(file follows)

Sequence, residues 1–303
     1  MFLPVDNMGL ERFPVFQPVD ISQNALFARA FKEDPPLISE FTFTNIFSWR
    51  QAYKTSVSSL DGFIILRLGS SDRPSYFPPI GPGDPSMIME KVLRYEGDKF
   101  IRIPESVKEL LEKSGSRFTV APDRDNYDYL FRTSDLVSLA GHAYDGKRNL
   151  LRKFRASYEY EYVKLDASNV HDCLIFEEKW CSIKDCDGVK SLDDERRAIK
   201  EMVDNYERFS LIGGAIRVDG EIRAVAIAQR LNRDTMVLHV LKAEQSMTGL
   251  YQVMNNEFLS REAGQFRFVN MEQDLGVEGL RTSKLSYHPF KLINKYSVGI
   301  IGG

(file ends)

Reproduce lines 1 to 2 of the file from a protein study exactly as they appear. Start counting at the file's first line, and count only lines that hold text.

Sequence, residues 1–303
     1  MFLPVDNMGL ERFPVFQPVD ISQNALFARA FKEDPPLISE FTFTNIFSWR